The case involved a 2002 pat-down search of an Eloy, Ariz., man by an Oro Valley police officer, who found a gun and marijuana. The justices accepted Arizona’s argument that traffic stops are inherently dangerous for police and that pat-downs are permissible when an officer has a reasonable suspicion that the passenger may be armed and dangerous. The pat-down is allowed if the police “harbor reasonable suspicion that a person subjected to the frisk is armed, and therefore dangerous to the safety of the police and public,” Justice Ruth Bader Ginsburg said.
NELSON V. UNITED STATES (08-5657)
Per Curiam opinion shortened.
Lawrence Nelson was convicted of one count of conspiracy to distribute and to possess with intent to distribute more than 50 grams of cocaine base. The District Court calculated Nelson’s sentencing range under the United States Sentencing Guidelines, and imposed a sentence of 360 months in prison (the bottom of the range).
The United States Court of Appeals for the Fourth Circuit affirmed Nelson’s conviction and sentence. United States v. Nelson, 237Fed. Appx. 819 (2007)
Nelson filed a petition for a writ of certiorari. We granted the petition, vacated the judgment, and remanded the case to the Fourth Circuit for further consideration in light of Rita v. United States, 551 U. S. 338 (2007) .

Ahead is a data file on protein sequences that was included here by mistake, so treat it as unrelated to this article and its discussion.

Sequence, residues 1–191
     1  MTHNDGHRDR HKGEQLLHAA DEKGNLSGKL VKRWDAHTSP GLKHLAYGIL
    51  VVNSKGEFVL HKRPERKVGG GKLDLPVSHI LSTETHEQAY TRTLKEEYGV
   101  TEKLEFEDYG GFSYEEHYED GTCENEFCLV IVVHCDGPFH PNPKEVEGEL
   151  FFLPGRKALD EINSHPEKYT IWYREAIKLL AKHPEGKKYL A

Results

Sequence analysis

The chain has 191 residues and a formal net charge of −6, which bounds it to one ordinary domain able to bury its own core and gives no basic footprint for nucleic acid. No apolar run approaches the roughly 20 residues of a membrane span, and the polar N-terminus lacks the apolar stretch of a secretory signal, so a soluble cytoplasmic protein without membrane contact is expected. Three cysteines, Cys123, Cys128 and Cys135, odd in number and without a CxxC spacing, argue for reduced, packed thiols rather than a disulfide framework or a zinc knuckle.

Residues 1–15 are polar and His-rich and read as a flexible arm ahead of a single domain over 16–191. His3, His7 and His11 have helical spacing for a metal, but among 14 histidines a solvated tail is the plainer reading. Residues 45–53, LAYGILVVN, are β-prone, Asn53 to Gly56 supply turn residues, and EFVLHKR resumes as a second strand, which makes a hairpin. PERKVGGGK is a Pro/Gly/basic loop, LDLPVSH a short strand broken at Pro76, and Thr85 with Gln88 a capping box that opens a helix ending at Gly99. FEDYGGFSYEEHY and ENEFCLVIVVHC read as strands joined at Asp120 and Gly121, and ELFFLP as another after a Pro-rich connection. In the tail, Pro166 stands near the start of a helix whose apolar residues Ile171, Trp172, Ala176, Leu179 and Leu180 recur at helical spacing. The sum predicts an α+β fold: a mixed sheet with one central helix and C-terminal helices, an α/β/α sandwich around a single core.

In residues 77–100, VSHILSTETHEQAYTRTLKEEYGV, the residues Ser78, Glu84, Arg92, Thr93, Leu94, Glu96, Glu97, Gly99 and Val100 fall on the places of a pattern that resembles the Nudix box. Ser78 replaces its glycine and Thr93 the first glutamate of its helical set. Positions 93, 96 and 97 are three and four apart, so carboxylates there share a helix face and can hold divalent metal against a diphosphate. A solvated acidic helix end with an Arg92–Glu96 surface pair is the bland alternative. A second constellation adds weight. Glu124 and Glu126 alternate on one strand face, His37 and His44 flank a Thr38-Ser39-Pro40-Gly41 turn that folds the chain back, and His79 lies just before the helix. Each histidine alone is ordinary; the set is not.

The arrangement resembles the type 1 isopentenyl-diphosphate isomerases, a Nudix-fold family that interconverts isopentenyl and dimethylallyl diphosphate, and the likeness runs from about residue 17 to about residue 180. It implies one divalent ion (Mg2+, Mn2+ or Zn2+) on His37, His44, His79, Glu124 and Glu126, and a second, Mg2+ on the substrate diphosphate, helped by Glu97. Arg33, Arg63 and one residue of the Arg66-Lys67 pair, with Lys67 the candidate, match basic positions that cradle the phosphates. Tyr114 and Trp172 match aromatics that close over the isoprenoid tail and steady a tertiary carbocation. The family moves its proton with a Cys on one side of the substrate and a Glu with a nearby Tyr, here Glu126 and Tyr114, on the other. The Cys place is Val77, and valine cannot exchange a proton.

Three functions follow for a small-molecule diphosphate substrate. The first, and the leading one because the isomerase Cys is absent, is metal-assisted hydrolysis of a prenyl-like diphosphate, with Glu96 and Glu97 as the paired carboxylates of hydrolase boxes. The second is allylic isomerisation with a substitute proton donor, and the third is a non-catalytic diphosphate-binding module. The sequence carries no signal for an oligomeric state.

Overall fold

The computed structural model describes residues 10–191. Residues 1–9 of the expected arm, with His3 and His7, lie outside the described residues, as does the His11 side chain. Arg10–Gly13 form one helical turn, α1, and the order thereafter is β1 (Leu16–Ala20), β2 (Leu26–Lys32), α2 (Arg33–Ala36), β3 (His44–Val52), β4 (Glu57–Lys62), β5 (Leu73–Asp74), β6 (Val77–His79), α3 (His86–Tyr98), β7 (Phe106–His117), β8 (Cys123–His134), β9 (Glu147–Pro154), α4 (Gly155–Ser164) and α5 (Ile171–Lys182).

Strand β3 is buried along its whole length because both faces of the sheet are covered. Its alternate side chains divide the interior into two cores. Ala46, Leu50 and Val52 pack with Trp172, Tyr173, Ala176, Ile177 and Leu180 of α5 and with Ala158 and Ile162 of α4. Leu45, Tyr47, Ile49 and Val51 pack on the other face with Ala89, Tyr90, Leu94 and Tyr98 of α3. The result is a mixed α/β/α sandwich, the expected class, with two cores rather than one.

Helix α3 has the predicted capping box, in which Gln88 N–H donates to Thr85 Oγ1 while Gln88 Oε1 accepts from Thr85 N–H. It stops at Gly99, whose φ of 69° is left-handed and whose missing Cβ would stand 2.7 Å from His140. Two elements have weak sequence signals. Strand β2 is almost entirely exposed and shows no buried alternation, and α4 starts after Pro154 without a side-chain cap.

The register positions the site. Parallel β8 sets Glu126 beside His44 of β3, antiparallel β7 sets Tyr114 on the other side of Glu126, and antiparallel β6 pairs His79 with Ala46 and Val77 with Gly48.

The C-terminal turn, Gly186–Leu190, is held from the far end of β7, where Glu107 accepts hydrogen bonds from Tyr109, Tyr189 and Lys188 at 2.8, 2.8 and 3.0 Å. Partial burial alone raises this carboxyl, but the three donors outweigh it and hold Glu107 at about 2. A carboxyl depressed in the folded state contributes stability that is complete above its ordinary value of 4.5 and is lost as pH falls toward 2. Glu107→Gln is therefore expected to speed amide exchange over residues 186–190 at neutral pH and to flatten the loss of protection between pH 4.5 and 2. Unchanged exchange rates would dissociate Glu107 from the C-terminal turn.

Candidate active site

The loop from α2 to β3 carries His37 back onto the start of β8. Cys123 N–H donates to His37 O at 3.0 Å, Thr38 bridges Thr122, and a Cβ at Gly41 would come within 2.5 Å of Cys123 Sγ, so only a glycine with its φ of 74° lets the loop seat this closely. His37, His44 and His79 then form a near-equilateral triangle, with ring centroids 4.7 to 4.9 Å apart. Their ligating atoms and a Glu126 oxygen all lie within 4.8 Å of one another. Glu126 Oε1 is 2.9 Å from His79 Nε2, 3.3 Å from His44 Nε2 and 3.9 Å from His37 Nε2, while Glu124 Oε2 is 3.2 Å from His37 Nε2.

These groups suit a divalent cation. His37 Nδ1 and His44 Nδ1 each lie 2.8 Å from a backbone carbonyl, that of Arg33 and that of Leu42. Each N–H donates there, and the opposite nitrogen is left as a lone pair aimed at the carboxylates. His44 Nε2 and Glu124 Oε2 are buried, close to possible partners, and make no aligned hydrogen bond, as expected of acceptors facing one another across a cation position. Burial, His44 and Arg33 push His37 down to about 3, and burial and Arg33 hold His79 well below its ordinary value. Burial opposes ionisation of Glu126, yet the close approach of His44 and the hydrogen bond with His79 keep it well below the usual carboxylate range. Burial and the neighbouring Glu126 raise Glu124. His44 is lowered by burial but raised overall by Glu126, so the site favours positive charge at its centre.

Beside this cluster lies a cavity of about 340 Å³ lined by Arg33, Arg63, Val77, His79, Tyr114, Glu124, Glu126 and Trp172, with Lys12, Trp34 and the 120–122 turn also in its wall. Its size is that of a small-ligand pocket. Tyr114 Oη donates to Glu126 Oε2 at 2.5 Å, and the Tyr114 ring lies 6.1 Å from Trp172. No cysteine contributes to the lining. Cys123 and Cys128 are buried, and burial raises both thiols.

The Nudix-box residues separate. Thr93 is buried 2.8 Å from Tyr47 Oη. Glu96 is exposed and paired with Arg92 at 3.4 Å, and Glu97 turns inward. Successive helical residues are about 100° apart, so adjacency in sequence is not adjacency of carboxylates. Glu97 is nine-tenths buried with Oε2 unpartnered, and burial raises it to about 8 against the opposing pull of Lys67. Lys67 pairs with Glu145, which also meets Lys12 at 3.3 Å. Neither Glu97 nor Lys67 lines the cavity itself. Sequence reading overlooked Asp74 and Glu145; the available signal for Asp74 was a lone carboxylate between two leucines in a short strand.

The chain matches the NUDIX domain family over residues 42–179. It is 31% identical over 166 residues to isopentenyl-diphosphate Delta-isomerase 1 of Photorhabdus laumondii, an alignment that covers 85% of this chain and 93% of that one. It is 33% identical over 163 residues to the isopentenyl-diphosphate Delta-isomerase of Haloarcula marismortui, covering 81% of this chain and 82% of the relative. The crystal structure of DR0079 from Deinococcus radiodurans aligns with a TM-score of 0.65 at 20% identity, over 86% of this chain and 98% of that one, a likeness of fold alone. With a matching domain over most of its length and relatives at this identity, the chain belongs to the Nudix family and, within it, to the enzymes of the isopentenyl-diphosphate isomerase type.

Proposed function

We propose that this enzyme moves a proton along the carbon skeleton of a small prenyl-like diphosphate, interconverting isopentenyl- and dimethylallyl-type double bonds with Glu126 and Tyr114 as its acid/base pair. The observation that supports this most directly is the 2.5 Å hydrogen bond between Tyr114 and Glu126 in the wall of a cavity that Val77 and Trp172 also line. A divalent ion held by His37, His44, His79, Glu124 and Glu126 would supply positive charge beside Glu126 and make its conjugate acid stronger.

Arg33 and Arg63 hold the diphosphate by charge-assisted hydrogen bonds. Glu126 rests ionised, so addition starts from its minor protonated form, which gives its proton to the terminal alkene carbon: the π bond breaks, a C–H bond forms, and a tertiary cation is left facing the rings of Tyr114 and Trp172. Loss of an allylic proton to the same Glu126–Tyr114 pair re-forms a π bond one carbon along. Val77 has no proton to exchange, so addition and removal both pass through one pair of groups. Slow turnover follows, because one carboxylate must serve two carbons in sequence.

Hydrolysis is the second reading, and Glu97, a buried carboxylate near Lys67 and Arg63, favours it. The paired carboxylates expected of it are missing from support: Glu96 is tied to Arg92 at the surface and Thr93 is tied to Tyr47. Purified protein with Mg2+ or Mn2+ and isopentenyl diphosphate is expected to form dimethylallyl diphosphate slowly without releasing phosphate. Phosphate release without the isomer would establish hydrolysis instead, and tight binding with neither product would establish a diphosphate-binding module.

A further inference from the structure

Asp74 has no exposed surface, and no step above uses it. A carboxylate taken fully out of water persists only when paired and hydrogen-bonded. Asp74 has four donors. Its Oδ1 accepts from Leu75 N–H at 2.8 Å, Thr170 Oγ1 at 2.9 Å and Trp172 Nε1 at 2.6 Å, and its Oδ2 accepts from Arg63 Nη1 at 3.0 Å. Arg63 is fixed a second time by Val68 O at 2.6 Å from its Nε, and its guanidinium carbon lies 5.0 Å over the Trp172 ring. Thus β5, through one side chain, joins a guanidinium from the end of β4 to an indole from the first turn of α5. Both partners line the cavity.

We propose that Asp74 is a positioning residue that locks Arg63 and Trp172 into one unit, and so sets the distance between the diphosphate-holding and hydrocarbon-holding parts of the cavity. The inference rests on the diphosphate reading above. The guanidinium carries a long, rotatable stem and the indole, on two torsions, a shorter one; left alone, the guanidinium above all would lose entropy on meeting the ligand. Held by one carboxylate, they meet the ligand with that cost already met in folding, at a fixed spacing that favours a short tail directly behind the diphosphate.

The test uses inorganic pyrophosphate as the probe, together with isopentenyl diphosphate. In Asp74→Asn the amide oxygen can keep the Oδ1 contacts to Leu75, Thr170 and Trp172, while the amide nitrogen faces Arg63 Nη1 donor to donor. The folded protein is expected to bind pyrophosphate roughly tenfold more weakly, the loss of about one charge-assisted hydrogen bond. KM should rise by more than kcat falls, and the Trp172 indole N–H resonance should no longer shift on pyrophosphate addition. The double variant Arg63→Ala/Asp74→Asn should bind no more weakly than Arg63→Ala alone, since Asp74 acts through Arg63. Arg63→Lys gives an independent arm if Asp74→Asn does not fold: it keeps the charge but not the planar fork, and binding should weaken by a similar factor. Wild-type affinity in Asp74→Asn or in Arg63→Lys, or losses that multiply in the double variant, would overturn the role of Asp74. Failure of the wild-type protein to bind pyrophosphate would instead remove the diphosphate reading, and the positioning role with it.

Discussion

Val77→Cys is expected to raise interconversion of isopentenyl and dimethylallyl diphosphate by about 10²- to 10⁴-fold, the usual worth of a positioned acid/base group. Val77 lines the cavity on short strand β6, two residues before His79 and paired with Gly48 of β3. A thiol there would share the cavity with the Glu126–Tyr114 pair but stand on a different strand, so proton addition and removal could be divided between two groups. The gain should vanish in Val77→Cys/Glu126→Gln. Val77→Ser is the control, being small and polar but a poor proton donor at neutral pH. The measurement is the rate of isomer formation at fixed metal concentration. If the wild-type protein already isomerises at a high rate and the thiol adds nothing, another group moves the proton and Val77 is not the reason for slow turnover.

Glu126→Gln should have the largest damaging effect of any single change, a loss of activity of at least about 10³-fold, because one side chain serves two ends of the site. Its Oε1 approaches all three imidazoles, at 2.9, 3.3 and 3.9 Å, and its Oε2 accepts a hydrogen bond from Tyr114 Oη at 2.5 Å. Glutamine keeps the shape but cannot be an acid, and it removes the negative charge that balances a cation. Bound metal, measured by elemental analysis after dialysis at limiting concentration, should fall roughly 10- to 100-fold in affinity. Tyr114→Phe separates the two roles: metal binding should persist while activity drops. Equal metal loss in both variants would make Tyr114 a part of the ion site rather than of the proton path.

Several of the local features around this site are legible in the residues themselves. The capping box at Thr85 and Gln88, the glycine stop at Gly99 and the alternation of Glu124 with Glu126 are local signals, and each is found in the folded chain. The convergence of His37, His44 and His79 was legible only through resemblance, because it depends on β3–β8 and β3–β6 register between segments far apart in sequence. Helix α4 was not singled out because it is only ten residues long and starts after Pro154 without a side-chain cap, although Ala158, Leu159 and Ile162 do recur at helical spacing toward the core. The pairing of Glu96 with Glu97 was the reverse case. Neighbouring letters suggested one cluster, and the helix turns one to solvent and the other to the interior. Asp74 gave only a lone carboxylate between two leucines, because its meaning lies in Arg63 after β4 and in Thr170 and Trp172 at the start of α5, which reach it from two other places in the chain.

On remand and without further briefing, the Fourth Circuit again affirmed the sentence. 276Fed. Appx. 331 (2008) (per curiam). The court acknowledged that under Rita, while courts of appeals “may apply a presumption of reasonableness to a district court sentence that reflects a proper application of the Sentencing Guidelines,” 551 U. S., at 347, “the sentencing court does not enjoy the benefit of a legal presumption that the Guidelines sentence should apply,” id., at 351. Instead, the sentencing court must first calculate the Guidelines range, and then consider what sentence is appropriate for the individual defendant in light of the statutory sentencing factors, 18 U. S. C. §3553(a), explaining any variance from the former with reference to the latter.
Nelson has again filed a petition for a writ of certiorari, reasserting, inter alia, essentially the same argument he made before us the first time: that the District Court’s statements clearly indicate that it impermissibly applied a presumption of reasonableness to his Guidelines range. The United States admits that the Fourth Circuit erred in rejecting that argument following our remand; we agree.
In this case, the Court of Appeals quoted the above language from Rita but affirmed the sentence anyway after finding that the District Judge did not treat the Guidelines as mandatory. That is true, but beside the point. The Guidelines are not only not mandatory on sentencing courts; they are also not to be presumed reasonable. We think it plain from the comments of the sentencing judge that he did apply a presumption of reasonableness to Nelson’s Guidelines range. Under our recent precedents, that constitutes error.